‘Bato’ says he’ll resign if he fails to stop crime
If he fails to make good on his promise to bring down crime within the first six months of the Duterte administration, he will kiss the Philippine National Police goodbye.
That’s another promise from incoming PNP Chief Supt. Ronald “Bato’’ de la Rosa, who said he would hand his resignation to President-elect Rodrigo Duterte if he failed him in his anticrime campaign.
“I am ready to face the consequences if I fail after six months. I will surrender and say, ‘Please replace me, sir. I failed you and the people,’” he said on Friday.
De la Rosa, who was chosen by Duterte as his top cop, was a member of the Philippine Military Academy “Sinagtala” Class of 1986. He is the current executive officer of the Directorate for Human Resource and Doctrine Development.
Nicknamed “Bato” (Rock), the tough-talking De la Rosa swore to take down drug lords and pushers, even challenging them to fight it out with the PNP.
De la Rosa said convicted drug lords were putting up a P50-million bounty to take him and Duterte down because of their vow to suppress crime in six months.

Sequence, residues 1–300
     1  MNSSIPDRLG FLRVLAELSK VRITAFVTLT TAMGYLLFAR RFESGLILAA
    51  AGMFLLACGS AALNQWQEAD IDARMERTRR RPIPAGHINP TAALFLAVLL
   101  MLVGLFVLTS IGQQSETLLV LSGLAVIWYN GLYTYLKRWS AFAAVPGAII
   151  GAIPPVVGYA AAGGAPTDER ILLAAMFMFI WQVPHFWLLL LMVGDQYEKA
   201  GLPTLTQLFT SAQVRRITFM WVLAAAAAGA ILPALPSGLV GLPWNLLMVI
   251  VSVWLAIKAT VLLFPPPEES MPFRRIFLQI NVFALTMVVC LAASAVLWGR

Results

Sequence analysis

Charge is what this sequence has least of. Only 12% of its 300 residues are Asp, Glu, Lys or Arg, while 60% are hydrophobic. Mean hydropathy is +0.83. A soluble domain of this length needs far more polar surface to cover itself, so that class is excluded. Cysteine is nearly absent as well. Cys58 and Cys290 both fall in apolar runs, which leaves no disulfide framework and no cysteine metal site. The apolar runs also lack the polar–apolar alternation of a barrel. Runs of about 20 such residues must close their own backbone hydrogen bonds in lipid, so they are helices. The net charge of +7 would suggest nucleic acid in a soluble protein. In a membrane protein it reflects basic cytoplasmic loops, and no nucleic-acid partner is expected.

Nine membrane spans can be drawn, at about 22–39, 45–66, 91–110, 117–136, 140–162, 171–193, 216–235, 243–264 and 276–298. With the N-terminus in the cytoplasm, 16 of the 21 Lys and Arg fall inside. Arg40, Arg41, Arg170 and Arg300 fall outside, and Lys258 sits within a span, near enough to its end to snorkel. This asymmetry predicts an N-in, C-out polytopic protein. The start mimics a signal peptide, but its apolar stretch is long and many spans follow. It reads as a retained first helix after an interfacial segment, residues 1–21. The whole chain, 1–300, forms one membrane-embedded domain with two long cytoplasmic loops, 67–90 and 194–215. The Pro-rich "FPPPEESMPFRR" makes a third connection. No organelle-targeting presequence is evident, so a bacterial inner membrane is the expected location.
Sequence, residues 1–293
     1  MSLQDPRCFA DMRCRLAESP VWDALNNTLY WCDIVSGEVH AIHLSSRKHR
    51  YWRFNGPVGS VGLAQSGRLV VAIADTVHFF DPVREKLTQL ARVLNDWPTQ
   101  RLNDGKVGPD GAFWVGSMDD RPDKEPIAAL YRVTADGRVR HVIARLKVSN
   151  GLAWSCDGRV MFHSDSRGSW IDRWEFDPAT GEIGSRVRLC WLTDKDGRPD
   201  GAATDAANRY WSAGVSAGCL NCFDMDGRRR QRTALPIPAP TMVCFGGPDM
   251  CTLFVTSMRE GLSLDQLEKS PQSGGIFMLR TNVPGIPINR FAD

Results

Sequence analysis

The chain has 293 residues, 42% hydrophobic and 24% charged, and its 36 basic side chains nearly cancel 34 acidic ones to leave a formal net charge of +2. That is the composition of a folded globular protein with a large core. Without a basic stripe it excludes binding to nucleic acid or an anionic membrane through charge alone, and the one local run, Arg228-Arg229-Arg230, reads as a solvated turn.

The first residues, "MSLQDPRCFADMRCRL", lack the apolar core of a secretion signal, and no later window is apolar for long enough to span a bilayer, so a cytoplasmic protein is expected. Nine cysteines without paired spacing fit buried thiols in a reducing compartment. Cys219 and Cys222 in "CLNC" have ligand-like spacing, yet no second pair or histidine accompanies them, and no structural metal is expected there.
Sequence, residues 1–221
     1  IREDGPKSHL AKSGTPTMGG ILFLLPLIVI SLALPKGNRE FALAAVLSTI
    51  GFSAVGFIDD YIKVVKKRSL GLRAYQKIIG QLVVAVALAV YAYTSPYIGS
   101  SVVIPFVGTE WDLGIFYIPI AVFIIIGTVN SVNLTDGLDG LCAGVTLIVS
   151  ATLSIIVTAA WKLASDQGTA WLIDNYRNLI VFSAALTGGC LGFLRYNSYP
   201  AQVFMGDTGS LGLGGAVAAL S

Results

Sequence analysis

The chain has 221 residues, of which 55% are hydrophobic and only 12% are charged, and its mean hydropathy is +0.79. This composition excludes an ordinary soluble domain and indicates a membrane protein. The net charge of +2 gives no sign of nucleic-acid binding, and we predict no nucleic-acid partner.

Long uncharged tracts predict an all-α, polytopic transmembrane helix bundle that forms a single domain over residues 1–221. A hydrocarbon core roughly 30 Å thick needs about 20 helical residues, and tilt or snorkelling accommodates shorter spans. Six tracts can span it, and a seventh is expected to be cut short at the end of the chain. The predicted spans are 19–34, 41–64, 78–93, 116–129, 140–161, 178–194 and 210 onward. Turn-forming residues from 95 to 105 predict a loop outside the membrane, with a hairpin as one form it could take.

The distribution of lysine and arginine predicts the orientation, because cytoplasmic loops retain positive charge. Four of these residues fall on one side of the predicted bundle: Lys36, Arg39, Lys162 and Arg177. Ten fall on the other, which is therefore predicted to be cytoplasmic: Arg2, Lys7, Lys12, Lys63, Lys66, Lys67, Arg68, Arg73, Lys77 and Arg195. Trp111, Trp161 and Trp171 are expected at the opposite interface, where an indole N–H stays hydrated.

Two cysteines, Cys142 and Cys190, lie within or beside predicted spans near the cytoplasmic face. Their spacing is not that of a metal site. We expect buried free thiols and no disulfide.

He said his resignation would be based on the PNP’s crime statistics, accomplishments and media and public assessment of his performance.
“It will be irrevocable. I am not like other officials who cling to their posts. I have delicadeza,” he added.
There is no escaping De la Rosa’s sharp eye—even rogue policemen—as he swore to implement a thorough internal cleansing of the 160,000-strong PNP.
He said the investigation would be kept under wraps. He disclosed that he had a list of lawmen involved in illegal activities.
De la Rosa also promised to subject these policemen to a lifestyle check.
“We will do all approaches—legal, illegal—just to stop them,” he said, without giving details.
Meanwhile, the police force is ready to provide maximum security to its incoming chief.
“He deserves to be protected as the PNP chief. He should be guarded because he’s the head of the organization, although he is confident considering that he is a good shooter,” PNP spokesperson Chief Supt. Wilben Mayor said in a press briefing in Camp Crame on Friday.
Mayor said it would be up to the incoming PNP chief to decide on his personal security arrangements, including a request for additional security.
The PNP chief, who holds the rank of director general, usually has an aide-de-camp, a security officer and a team of policemen “sufficient enough to ensure his safety,” Mayor said.
Trust and confidence
Local units or territorial forces may also be called in for area and route security to protect the PNP chief wherever he goes.
His choice of security escorts will depend on his level of trust and confidence in policemen, who are trained to guard high-profile personalities.
“The primary concern of an organization is to protect its leader. He said he was a warrior chief, a shooter, but again he has responsibilities and holds a sensitive position, so he really deserves to be protected,” Mayor said.TVJ
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